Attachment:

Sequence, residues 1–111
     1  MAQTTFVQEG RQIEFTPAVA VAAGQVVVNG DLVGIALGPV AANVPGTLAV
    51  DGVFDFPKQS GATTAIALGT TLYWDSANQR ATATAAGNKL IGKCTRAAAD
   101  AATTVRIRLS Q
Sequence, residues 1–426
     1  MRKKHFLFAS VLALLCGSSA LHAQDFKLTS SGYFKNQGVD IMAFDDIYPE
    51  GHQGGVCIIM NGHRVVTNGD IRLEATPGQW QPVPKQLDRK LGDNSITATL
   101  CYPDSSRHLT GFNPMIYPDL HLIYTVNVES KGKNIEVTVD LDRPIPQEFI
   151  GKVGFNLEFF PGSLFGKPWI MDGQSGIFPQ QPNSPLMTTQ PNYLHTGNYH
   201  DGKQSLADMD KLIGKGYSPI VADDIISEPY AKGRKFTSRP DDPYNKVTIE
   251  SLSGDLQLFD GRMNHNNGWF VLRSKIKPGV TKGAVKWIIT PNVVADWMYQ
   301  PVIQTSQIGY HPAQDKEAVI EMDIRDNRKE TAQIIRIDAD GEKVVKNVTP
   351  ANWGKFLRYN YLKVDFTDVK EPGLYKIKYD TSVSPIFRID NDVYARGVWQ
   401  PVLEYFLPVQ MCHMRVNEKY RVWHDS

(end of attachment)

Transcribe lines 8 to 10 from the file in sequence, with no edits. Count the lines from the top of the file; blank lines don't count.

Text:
   101  CYPDSSRHLT GFNPMIYPDL HLIYTVNVES KGKNIEVTVD LDRPIPQEFI
   151  GKVGFNLEFF PGSLFGKPWI MDGQSGIFPQ QPNSPLMTTQ PNYLHTGNYH
   201  DGKQSLADMD KLIGKGYSPI VADDIISEPY AKGRKFTSRP DDPYNKVTIE